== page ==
posted by hermitosis at 12:29 PM on December 1, 2010 [1 favorite]


Man, I wonder how a mead made with that honey would taste. I kinda wanna give it a go, just for the hell of it.
posted by Greg Nog at 12:29 PM on December 1, 2010 [1 favorite]


Which reminds me: need to buy fresh martini olives.
posted by IAmBroom at 12:29 PM on December 1, 2010


In pine forests they'll make honey out of the excrement of aphids.

The excrement of aphids is also known as manna.

Lemon twists? Just there to add some smell and flavor. 'It has a job to do, and that job is not to be eaten!' Maddow said, throwing the used twist over her shoulder.

Absurd. Lemon twists are tasty. Eat the garnish! There are barbacks starving in India, you know.
posted by kenko at 12:31 PM on December 1, 2010 [2 favorites]


Cocktail olives? Also a no-go, since they have 'conceivably been lying out festering in their own juices in a warm room all night, with fingers on them.'"

Err, if an olive is sitting in the bottom of my drink, I'm effectively "eating" it, regardless.
posted by dirigibleman at 12:31 PM on December 1, 2010


Ah, but if they'd been real Marascas, the honey would have been divine. I was in Dean and Deluca a while back, getting some fancy things for a special event, and the clerk practically insisted I get a jar--"The best thing in the store," she told me.
posted by MrMoonPie at 12:31 PM on December 1, 2010 [3 favorites]


Nature! No excretion goes to waste.

Dirt is basically worm poop, so, you know, think about that the next time you're outside.
posted by kenko at 12:32 PM on December 1, 2010


I wonder how that honey would taste as mead...
posted by johnnybeggs at 12:32 PM on December 1, 2010


> Dirt is basically worm poop, so, you know, think about that the next time you're outside.

Right now, you're breathing the air that Hitler breathed.
posted by Burhanistan at 12:35 PM on December 1, 2010 [12 favorites]


lol this is the real "Horror at Red Hook" KILL ME KILL ME KILL ME

(Seriously though, why am I suddenly hearing about Red Hook all the time?)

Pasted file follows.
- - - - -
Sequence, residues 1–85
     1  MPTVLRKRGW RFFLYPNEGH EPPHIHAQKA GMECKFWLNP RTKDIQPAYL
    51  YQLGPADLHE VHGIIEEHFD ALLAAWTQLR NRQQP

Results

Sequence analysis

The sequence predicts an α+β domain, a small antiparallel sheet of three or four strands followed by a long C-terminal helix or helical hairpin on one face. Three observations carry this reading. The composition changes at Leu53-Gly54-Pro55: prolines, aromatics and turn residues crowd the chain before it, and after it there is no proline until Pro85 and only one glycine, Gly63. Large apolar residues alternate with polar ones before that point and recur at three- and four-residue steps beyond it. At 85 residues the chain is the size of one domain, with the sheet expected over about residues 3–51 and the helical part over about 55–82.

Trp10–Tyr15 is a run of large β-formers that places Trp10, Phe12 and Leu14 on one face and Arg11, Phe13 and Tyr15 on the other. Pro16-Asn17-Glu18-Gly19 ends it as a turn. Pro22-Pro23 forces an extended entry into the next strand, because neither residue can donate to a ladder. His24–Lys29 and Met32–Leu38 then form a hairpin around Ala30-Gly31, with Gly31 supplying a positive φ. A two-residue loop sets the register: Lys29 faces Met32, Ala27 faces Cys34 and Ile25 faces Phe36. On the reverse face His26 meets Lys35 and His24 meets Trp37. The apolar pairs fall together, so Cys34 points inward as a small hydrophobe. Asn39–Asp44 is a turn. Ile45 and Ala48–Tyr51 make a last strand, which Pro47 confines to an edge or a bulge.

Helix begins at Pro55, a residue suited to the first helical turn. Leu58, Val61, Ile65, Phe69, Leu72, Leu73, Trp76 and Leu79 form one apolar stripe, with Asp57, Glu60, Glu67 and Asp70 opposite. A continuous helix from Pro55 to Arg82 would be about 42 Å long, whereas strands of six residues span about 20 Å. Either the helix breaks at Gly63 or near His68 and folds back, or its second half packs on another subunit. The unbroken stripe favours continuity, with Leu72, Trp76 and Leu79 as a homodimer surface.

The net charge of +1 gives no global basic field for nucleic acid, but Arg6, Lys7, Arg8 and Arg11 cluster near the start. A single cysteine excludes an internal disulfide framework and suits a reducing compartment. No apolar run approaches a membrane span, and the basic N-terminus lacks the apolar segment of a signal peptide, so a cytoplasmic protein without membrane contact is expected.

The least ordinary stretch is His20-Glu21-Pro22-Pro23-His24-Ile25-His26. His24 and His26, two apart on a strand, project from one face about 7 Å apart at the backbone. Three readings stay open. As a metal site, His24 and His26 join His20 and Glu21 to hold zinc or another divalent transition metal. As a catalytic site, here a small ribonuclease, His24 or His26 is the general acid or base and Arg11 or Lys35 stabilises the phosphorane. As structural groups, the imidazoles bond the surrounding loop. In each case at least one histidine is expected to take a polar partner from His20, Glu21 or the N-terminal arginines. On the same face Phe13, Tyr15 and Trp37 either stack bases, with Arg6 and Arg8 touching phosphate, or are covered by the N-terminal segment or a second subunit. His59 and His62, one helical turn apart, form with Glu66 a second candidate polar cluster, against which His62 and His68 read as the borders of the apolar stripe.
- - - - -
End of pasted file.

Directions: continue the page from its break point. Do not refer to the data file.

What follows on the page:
posted by Lentrohamsanin at 12:40 PM on December 1, 2010 [1 favorite]


Mock all you want, you know-it-alls. This could be the best way to get juggalos off Faygo and eating healthy.
posted by at by at 12:41 PM on December 1, 2010


I read the non-NYTimes link. Where did it say the honey was nasty? I would like to taste it.

My friend who keeps bees says that some people raise them off sugar-water, instead of flower nectar (so I always look for a label on the honey - wildflower, orange blossom, not just honey). I would like to try an experiment feeding them Coca-Cola and see how the honey tastes. This seems close to that.
posted by I am the Walrus at 12:45 PM on December 1, 2010 [1 favorite]


Why doesn't she just put up a sign for her hive? DON'T BEE REDICULOUS

Sorry.
posted by bearwife at 12:47 PM on December 1, 2010 [4 favorites]


> I read the non-NYTimes link. Where did it say the honey was nasty? I would like to taste it.


The NY Times link said it "tasted metallic and then overly sweet."
posted by Burhanistan at 12:48 PM on December 1, 2010


Where in the article does it say that the honey tasted nasty? I didn't see anything about the flavor changing, only the color. But then again, I am lazy, so maybe I just missed it.
posted by Eideteker at 12:48 PM on December 1, 2010


Cocktail olives? Also a no-go, since they have 'conceivably been lying out festering in their own juices in a warm room all night, with fingers on them.'"

Even worse, they were out all summer growing on a tree with bugs and dust on them!
posted by snofoam at 12:48 PM on December 1, 2010 [2 favorites]


Control-F, people. Control-F. Even better you can just hit / in Firefox to bring up the search bar.
posted by Burhanistan at 12:50 PM on December 1, 2010


(Seriously though, why am I suddenly hearing about Red Hook all the time?)

Same reason three years ago you heard about Long Island City all the time. It won the "artificial hype" sweepstakes, secretly held by the local branch of the Realtor's Assoc.
posted by griphus at 12:50 PM on December 1, 2010 [1 favorite]


Interview with the most interesting man in the world. He orders a martini with olives and onions on the side, and eats them as snacks while enjoying his martini.
posted by fixedgear at 12:54 PM on December 1, 2010


I'm sorry, I just noticed that the Columbus Dispatch link doesn't reproduce the entire NY Times article - they must have edited it for space. If you don't want to register for the Times, you can search for "tasted metallic and then overly sweet" you can find some instances where people have cut 'n pasted the entire article into blogs and forums.
posted by moonmilk at 12:57 PM on December 1, 2010


I have often wondered if insects are attracted to artificial sweetners. Anyone know?

Define "artificial." A lot of sweeteners are sugar alcohols, or contain stuff like dextrose or maltodextrin. They work by triggering the same or similar taste bud cells as sugars. If insect cells are similar (and they likely are), then yeah, they might be.

A perhaps more interesting question would be, would bees starve to death attempting to eat artificial sweeteners to the exclusion of truly nutritious sources of sugar?